I've been asked to show the results of an image d/b query as a coverflow-y type horizontal scrolling gallery of thumbnails (256px long-side,c. 25kb each). If a library is needed (likely), I'll use jQuery. Besides an image the gallery will likely show some caption (text) data.
Problem is, user's query could unwittingly pull 000s of results. Lazy-loading solves one side, but I can find little on lazy unloading as if the user keeps scrolling the gallery items will only ever grow in number eventually causing the browser to struggle with the amount of data. I figure I need to let the gallery load 10 items, showing the first 5, then lazy add up to X items after which for each item I add I delete the first gallery item. If the user scrolls back down, deleted items need to be lazily re-loaded.
I figure this a problem others must have faced before - even if in a slightly different display context. Would welcome pointers on how to go above the above. Also, in a WAN (web) context are there other performance issues I'm overlooking (e.g. number of gallery items to keep loaded)?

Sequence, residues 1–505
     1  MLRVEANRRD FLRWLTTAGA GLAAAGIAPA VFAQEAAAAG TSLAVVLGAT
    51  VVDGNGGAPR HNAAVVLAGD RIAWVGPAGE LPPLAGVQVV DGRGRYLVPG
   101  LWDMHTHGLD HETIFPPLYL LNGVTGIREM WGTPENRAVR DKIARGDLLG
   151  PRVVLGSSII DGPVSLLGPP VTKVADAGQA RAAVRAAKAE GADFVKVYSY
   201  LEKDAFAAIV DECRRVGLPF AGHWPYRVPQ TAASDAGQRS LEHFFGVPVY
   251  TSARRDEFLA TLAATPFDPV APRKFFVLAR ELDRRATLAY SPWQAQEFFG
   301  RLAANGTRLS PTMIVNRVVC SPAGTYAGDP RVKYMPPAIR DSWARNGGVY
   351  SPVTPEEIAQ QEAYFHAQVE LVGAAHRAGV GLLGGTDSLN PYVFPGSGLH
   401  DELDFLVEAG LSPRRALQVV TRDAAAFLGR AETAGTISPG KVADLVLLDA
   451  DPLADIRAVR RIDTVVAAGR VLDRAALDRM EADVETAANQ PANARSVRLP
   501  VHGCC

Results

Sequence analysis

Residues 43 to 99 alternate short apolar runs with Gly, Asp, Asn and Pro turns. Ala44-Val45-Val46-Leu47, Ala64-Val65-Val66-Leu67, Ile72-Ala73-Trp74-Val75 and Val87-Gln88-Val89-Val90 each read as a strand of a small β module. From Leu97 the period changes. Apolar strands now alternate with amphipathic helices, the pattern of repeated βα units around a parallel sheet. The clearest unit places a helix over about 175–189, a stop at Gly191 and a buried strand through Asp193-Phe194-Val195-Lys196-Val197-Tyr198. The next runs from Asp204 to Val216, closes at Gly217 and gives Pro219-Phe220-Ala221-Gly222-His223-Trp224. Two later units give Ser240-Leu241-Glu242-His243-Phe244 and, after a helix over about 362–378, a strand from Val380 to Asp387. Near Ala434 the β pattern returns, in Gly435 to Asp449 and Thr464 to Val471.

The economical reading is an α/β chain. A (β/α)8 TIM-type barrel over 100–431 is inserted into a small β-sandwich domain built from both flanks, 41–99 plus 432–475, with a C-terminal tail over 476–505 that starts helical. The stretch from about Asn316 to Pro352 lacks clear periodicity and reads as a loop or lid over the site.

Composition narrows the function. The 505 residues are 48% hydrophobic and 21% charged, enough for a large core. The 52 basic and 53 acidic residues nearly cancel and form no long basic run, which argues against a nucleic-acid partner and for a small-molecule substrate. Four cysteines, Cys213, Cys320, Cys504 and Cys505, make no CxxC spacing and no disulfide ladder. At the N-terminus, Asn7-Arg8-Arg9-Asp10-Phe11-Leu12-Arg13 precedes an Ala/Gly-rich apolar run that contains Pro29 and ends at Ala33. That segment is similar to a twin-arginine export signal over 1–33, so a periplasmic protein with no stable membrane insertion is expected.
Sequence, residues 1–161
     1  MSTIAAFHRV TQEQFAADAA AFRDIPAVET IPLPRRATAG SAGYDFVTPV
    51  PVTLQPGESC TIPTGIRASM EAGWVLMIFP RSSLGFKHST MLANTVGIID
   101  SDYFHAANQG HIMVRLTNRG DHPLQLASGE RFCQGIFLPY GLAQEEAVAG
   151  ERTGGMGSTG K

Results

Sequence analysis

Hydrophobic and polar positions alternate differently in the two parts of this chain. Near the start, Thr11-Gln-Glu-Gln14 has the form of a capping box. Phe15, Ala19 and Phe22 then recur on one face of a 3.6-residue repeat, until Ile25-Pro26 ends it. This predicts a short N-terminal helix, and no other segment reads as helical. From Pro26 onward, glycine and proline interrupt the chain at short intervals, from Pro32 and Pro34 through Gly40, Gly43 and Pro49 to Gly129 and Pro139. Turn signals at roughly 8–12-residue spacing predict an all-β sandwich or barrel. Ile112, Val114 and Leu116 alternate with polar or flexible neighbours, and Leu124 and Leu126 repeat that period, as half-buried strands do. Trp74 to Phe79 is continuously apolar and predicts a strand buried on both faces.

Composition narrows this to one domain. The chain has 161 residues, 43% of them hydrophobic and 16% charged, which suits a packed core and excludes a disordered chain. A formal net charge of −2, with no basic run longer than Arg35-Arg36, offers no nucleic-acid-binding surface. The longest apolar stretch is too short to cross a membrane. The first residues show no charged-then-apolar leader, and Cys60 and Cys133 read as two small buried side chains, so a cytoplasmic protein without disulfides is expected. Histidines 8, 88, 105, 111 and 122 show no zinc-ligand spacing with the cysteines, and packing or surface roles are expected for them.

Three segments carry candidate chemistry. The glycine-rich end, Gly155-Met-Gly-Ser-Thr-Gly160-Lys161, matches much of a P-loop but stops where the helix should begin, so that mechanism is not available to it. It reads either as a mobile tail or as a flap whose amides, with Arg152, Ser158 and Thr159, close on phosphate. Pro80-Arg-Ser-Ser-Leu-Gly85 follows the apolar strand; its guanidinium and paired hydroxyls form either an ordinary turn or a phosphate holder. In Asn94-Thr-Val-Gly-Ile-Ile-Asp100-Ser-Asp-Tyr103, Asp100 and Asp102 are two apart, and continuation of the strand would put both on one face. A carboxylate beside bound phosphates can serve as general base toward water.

Clarification (in response to answer #1).
Perhaps 'unobtrusive' unload might be a better term. The heart of this is (in a jQuery context) how/where do I place the create/destroy calls?
Assuming the gallery is a scrolling
<ul> (likely horizontal but I guess vertically should be allowed for) showing N
<li> items at a time. The query recordset's offset (zero-based here) can be use to seed an id, e.g.
<li id="x_12"> where 12 is the offset value. This should allow code to know for which offset to create/remove and item. It would also make it possible to detect arrival at start (offset 0) whilst AJAX-based loading could incorporate a message mechanism to indicate no next item (i.e. upper end of recordset).